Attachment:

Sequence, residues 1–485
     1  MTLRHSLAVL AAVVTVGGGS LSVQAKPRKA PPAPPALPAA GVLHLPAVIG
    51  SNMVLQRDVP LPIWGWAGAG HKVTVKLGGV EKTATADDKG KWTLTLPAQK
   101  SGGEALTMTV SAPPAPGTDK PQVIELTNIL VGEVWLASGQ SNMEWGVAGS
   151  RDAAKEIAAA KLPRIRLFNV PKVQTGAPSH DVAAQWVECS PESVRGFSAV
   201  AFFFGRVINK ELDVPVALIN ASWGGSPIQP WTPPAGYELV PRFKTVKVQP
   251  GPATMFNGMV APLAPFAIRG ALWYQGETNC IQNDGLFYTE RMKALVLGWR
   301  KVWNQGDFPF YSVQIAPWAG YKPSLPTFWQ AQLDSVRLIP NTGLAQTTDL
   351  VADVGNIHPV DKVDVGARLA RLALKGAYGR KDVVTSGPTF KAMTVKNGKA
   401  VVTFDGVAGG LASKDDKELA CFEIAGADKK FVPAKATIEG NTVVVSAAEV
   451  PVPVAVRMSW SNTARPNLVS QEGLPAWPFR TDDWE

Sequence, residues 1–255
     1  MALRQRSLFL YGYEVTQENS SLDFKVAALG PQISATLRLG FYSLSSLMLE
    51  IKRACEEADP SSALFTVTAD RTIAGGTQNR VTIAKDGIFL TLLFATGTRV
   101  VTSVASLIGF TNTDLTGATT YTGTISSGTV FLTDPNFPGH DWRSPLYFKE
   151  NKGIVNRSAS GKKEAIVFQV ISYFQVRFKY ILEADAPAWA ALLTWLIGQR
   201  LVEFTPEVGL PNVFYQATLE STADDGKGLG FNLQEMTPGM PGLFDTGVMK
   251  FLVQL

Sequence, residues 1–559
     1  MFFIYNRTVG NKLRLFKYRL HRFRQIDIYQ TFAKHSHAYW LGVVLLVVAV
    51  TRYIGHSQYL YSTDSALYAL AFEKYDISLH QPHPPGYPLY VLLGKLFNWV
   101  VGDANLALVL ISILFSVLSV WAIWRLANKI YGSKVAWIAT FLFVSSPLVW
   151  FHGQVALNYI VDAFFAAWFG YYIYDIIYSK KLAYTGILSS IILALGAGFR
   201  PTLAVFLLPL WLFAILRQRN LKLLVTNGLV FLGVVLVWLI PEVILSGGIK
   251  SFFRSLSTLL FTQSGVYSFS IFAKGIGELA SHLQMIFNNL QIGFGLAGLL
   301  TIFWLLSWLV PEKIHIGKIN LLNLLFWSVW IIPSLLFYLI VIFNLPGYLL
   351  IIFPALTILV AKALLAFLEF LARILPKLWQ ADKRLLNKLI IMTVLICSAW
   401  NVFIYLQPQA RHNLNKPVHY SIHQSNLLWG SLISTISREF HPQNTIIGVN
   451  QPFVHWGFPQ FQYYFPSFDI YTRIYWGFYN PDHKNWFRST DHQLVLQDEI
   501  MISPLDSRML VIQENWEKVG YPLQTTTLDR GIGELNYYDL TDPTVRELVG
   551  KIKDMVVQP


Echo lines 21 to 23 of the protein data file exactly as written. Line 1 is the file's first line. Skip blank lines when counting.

    51  TRYIGHSQYL YSTDSALYAL AFEKYDISLH QPHPPGYPLY VLLGKLFNWV
   101  VGDANLALVL ISILFSVLSV WAIWRLANKI YGSKVAWIAT FLFVSSPLVW
   151  FHGQVALNYI VDAFFAAWFG YYIYDIIYSK KLAYTGILSS IILALGAGFR